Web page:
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Is Nomadic Life for You?

Is Nomadic Life for You?

We have been officially nomadic for nearly 3 years as of now, and we’ve learned a lot about life on the road in that time. We’ve met some amazing people who are also nomads, and we’ve met a ton of people who have told us they wished they could do something like we are.

But here’s the thing: nomadic life isn’t for everyone.

It’s also not always glamorous and Instagram worthy. Nomadic life has a lot of challenges, even from the very get-go. So, if you’re wondering if nomadic life is right for you, here are a few considerations to think about.


We’re just going to jump right into this one, because it’s the most common question we get and the biggest consideration of traveling full time. How will you make money? Unless you’re retired or have a trust fund, this is likely on the top of your mind. Making money on the road can be done in so many different ways, many of which we outlined in a post dedicated to ways to make money remotely.

Just being able to make a living on the road is only part of the question, though. Some other money-related things to consider when thinking about nomadic life are: do you have enough in savings to cover emergencies; are you still able to put money away for an eventual retirement; how much will it cost to live on the road? These are all things to think about when deciding if nomadic life is for you.


When you make the jump to be fully nomadic, it comes at the price of being away from the place you previously called home. For some, this can be an easy choice. Others, however, may struggle with the thought of being away from friends and family.

You’ll miss niece and nephew birthdays; you’ll miss holidays; sometimes you may even miss big events like graduations and weddings. Life will throw things at you while you’re traveling that you may not have considered being a problem before, so be prepared as much as possible.

And your friends and family will have their own thoughts about your choice, as well. I wish we could gloss over this part, but the hard truth is that some of your friends will no longer be friends after you’ve made this decision; and some of your family will resent you for the long term. While we’ve made the decision to let them have their own feelings and not let it influence us, you’ll have to decide for yourself whether that will be a factor to you.

The good news, however, is that you’ll make a ton of friends who do appreciate what you’re doing and hopefully some of your old friends and your family will support and love the decision no matter what. Steph’s nieces think she’s the coolest because she tells them all of the stories of places she’s been and shares with them in her experiences. When we can spend time with them, we cherish our time together; and they generally understand that we aren’t going to be at every life event (but when we do make it, it’s even more special).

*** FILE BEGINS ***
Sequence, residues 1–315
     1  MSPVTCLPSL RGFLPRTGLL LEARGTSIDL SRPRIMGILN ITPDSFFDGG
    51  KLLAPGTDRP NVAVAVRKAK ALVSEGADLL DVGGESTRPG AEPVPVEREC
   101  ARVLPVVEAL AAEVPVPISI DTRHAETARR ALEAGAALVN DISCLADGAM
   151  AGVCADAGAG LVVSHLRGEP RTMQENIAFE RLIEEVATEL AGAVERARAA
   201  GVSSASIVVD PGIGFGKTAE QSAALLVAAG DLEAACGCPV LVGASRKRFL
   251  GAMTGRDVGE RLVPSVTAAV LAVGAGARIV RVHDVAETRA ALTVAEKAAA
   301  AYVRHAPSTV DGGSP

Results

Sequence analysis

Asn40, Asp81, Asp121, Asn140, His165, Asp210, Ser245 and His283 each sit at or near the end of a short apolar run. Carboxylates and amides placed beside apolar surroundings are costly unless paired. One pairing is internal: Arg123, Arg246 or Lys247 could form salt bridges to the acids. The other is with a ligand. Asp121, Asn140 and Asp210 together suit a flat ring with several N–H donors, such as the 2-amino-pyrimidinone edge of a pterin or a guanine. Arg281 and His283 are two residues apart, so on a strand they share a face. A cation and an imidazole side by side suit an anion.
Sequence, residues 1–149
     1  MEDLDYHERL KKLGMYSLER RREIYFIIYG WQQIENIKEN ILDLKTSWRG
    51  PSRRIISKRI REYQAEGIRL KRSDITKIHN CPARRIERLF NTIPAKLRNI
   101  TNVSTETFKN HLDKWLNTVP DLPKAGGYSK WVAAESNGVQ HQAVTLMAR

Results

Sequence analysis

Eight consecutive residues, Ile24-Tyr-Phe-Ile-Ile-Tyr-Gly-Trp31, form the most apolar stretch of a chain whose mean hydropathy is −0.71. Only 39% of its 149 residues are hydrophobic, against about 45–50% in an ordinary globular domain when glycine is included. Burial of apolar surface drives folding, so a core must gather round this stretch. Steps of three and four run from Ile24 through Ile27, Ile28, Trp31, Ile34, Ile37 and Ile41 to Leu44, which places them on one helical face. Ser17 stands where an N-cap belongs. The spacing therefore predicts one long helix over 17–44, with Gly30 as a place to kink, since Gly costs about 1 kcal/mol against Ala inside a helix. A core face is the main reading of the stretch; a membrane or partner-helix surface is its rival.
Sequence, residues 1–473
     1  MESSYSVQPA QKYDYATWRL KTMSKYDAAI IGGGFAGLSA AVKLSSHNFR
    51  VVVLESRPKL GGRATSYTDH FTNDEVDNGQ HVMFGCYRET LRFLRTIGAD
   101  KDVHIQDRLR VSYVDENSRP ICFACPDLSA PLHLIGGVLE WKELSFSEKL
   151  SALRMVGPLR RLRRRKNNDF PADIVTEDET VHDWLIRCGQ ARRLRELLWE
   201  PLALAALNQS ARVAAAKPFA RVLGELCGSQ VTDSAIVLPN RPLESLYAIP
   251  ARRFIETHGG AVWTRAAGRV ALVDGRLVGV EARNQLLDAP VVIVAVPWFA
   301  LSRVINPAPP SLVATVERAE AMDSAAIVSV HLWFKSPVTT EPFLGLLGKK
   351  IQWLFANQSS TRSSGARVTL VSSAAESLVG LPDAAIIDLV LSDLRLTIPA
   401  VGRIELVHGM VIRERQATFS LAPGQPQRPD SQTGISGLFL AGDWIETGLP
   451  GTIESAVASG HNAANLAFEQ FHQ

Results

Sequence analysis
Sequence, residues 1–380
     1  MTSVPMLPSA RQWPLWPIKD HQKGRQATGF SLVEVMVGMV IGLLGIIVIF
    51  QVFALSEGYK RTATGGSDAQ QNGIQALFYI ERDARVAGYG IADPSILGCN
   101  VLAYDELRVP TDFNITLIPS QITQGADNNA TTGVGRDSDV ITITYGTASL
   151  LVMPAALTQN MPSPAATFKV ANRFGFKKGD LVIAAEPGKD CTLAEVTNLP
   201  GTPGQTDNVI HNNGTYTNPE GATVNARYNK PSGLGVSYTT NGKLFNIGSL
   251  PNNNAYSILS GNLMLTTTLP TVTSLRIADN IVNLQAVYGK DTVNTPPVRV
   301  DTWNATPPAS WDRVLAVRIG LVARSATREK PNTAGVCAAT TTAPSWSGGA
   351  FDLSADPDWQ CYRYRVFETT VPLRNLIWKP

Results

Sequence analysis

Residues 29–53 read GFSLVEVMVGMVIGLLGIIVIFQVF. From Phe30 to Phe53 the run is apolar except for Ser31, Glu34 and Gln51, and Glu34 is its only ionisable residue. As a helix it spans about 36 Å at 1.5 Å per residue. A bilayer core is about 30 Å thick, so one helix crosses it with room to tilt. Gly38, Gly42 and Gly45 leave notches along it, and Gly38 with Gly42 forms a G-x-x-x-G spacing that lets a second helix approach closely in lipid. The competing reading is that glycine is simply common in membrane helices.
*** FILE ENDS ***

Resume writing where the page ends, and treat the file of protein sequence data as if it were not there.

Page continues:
Pets are another major consideration when you think about living a nomadic lifestyle. When we chose to take off on the road, we specifically chose RV then van life to accommodate our dogs. We do travel by plane here and there, but we try to minimize that time so we can spend as much time as possible with our pups and keep them happy.

If you have pets, it’s a good idea to talk to some folks who have done what you are planning to do with the pets that you have. They’ll give you the best insight! We’ve known friends who have successfully traveled around the world with dogs, who have lived in a van with birds, who have traveled across seas in boats with cats, and so on! Just be sure to do your research and ensure your pet will be comfortable and happy and take the precautions necessary.


From traveling across the country to traveling across the world, the distance that you go will impact your nomadic lifestyle decisions as well. Whether you’ve done a ton of traveling before or you haven’t done much traveling at all, nomadic life will be different than vacationing. So consider how far you’ll travel – and for how long – before you set out on your nomadic journey.

Having a little bit of a plan when you first start out can save you some major headaches of nomadic living. Something as simple as planning your first destination and securing accommodations for the first few weeks will really help you get settled into the lifestyle. You may also consider only booking a few weeks or months to begin, just to decide if the nomadic life is really for you.


Be honest with yourself here. After you’ve considered all of these possibilities and maybe gone on a few test trips, we encourage you to truly look deep within yourself and decide if nomadic life is something you want to try.

Honestly, nomadic life is not for everyone. And that’s okay! We love seeing the differences in people trying out this lifestyle and learning why some people love it and others don’t. The things that make us different as people make us unique and beautiful, so embrace it! We’re all in this together!